One hundred years ago today the only Gloucester international rugby player to die in the Great War, Henry ‘Harry’ Berry, was killed in action on 9th May 1915, during the Battle of Aubers Ridge. Herbert Henry ‘Harry’ Barnes, his Gloucester teammate, was also killed this day in the same battle. Martin Davies and Malc King here pay tribute to them both.
Harry Berry was born in Gloucester in 1883, the son of a dock labourer. He joined the British Army in 1899 at the age of sixteen to fight in the Second Boer War (1899-1902). Initially he served with the 4th Battalion, Gloucestershire Regiment guarding Boer prisoners on the island of St Helena but in 1902 was transferred to the 2nd Battalion and fought in mainland South Africa. After the war he was sent to India and spent five years there with the 1st Battalion before returning to Gloucester and civilian life, as an innkeeper, in 1907.
Having experienced army rugby, he joined the Gloucester Club and played his first game for the 1st XV against Leicester on 14th December 1907. After a few games on the wing, he was moved to wing forward, where he proved to be a fast and clever player who particularly shone in the lineout and in loose footwork. As a result his career blossomed. Over the next five seasons, 1908-1913, he made 136 appearances and scored 24 tries.
His talent was quickly noticed by the Gloucestershire selectors and he won the first of his 19 County caps against the Australian tourists at Kingsholm on 1st October 1908. With his assistance Gloucestershire secured its first ever County Championship in 1910 with a 23-0 victory over Yorkshire at Kingsholm.
1910 would prove to be a momentous rugby year for Harry as he won four England International caps , scoring two tries (against France and Scotland) as well as playing in the inaugural game at Twickenham which resulted in victory over Wales, for the first time in twelve years. England won the Five Nations Championship, their first since 1892.
The Gloucester Citizen Newspaper’s rugby correspondent (W.B.) summed up Harry’s season – “H Berry fully sustained his reputation, and the ex-soldier deservedly gained the coveted cap. That the Gloucester man was able to retain his place in the face of so many changes made in the International side was clear evidence of the Committee’s appreciation of his abilities.” The other main event in Harry’s life in 1910 was that in January he married Beatrice Arnold from Chepstow and the couple would go on to have two children, Henry George (b.1911) and Phyllis Irene (b.1915); sadly Harry would not live to see his daughter.
By the end of the 1912-13 season Harry was forced to retire from the game owing to a recurrence of a bout of malaria, a disease contracted during his spell in India; this affected Harry’s health to the extent that he never played for Gloucester again.
Harry Barnes was born in Gloucester in 1888, the son of a blacksmith. He played his first game for Gloucester against Cardiff on 3rd April 1909, and scored two tries on his second appearance against Castleford five days later. Harry played at centre and went on to make 38 appearances for the 1st XV, scoring 13 tries and kicking 2 drop goals. In February 1911 he travelled with Harry Berry on a six-day trip to Toulouse, where they both helped Gloucester to beat Stade Toulousain 18-13. His final game was away at Northampton on 8th April 1911.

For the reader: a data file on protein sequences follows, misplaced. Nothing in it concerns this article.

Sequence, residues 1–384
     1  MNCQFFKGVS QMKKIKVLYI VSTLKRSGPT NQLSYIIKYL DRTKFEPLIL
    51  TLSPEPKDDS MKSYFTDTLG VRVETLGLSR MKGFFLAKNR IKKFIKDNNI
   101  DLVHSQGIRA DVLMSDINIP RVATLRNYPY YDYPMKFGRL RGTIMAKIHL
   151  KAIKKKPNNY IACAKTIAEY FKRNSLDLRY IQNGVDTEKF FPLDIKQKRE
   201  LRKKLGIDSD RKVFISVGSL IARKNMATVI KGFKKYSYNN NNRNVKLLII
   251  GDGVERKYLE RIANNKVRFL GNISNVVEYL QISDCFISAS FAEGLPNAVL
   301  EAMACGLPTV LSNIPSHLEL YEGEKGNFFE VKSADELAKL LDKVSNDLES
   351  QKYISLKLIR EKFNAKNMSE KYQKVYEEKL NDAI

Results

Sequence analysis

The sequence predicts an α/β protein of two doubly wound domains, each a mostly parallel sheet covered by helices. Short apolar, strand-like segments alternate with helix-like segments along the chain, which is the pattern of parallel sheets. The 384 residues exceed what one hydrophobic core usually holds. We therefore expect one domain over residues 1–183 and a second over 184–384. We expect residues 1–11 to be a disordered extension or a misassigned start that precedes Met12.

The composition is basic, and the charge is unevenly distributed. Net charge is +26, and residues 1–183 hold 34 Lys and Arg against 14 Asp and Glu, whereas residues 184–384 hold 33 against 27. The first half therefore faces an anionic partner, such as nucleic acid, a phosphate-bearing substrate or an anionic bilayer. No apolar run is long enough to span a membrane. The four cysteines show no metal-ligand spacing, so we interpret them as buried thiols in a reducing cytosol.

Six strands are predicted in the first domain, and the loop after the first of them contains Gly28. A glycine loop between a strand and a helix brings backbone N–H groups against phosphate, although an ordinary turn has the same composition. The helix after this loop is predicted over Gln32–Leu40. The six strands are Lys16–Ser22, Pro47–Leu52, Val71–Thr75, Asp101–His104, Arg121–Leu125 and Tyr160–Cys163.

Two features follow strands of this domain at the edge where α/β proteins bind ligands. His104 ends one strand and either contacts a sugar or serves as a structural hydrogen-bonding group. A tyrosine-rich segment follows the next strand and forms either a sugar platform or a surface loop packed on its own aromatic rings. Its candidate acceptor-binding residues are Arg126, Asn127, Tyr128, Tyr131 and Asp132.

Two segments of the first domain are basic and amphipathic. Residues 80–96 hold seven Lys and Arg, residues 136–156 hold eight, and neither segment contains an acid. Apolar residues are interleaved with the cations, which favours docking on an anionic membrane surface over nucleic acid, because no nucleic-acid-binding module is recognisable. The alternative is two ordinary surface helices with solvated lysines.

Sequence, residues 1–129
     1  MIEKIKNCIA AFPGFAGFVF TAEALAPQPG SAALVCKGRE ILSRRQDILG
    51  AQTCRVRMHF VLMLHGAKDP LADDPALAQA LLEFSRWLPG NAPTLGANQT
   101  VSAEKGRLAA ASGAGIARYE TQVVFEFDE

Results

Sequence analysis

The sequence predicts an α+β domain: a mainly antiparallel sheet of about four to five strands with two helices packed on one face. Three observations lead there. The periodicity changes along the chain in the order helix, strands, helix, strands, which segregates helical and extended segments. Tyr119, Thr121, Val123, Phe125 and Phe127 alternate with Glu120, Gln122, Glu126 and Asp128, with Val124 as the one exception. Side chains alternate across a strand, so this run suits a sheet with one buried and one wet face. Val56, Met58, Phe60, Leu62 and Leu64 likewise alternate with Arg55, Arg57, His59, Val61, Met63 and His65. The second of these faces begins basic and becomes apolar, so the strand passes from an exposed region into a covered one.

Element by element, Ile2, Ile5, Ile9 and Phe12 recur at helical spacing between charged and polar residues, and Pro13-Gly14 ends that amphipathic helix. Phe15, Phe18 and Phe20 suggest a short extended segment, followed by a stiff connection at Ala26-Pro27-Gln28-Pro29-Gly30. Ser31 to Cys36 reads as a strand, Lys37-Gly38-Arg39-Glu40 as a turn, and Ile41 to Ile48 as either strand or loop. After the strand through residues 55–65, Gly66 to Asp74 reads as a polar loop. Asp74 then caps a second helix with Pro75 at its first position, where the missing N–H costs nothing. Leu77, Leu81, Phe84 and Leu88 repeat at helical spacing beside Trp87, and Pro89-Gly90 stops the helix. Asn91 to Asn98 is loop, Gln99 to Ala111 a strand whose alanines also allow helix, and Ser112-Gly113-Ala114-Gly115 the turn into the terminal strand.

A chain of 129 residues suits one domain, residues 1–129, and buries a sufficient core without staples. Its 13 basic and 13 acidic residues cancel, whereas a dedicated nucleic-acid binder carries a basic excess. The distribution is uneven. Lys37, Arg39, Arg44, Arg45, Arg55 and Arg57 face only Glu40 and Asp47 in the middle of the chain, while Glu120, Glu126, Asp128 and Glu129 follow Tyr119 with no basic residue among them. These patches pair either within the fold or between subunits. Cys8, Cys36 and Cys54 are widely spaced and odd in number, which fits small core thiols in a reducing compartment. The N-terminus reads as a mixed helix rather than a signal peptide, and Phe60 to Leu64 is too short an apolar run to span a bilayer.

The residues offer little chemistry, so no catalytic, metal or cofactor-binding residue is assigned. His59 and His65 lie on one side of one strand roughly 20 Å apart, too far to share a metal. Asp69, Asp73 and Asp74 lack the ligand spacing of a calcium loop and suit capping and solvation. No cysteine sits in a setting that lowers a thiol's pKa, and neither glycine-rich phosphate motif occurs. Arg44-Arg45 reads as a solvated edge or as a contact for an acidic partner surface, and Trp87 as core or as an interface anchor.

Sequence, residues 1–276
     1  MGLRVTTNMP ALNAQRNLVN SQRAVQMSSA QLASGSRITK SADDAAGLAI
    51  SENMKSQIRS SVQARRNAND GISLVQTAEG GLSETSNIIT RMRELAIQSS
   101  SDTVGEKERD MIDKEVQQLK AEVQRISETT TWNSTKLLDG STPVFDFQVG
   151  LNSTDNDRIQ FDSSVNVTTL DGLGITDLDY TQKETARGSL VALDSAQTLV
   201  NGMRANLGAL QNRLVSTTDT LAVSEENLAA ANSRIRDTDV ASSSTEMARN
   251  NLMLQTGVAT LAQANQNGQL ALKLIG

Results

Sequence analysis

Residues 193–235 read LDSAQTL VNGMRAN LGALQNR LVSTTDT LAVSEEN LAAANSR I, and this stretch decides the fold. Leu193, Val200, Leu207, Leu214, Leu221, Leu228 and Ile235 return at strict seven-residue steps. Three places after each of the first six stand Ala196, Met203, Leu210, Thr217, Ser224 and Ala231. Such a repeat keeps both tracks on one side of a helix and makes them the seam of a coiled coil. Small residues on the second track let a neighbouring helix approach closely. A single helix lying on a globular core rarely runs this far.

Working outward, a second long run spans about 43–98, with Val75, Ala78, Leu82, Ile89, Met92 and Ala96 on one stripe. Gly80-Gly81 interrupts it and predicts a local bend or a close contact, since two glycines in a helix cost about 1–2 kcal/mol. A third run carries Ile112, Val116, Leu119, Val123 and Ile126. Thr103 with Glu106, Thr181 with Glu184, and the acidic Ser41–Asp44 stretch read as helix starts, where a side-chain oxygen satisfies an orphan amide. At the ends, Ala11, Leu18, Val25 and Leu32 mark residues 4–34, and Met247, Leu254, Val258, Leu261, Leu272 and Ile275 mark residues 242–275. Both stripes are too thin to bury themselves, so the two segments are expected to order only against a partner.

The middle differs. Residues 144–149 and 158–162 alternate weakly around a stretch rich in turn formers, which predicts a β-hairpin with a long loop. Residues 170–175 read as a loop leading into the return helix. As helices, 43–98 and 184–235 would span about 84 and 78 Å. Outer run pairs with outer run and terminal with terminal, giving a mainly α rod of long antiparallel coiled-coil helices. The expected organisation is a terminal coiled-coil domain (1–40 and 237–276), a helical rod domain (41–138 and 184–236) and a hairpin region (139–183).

When war was declared in August 1914, Harry Berry and Harry Barnes were reservists and both were recalled to the Colours in the 1st Battalion, Gloucestershire Regiment, Berry as a Corporal and Barnes as a Private. They landed together at Boulogne on 2nd February 1915 on their way to the Western Front. This same draft included fellow Gloucester players, Albert ‘Car’ Cummings (stand off), Charles Rose (front row) and Fred Goulding (second row).
After a spell of front line duty the Battalion was assigned to the reserve line (‘second wave’) for the attack at Aubers Ridge on 9th May 1915. At 5.30 am the first wave which launched the attack met with stiff resistance and heavy machine gun fire so after a second artillery bombardment the 1st Gloucesters together with the 1st South Wales Borderers were ordered over the top. Harry’s friend, Thomas Priday later recalled that in the moments before the whistles blew, “…we shook hands with one another… [and].. we kissed the photos of our wives and children before we made the charge…”
As well as enemy activity the second wave now had to contend with the dead and the wounded from the first wave which littered no man’s land. The assaulting lines of the 1st Gloucesters and the 1st South Wales Borderers advanced eighty yards before the intensity of the fire forced them to lie down and seek whatever cover was available.
The bodies of Harry Berry (age 32) and Harry Barnes (age 27), were never recovered. They are commemorated on Le Touret Memorial in northern France. They are also commemorated on the Gloucester War Memorial and the Gloucester Club’s two war memorials – one now situated in the Lions Den, unveiled in 1920, and the other on the Stadium outside reception, unveiled in 2013.
This tribute has been drawn from a Gloucester Rugby Heritage article in the Gloucester v London Irish match programme for 9th May 2015. The article was drafted by Martin Davies, who is an expert on the Great War and who has written a book ‘They Played for Gloucester and Fought for their Country’, which covers the wartime exploits of Gloucester players during the Boer, Great and Second World War. The information on the rugby careers of these players was supplied by Malc King, Chairman of the Heritage Project, who is currently writing a book about Kingsholm, the home of Gloucester Rugby, which is due to be published later this year.
The World Rugby Museum special exhibition ‘Lest We Forget’ will recall the sacrifices of men such as Harry Berry and Harry Barnes and others around the world who fought and died in the First World War.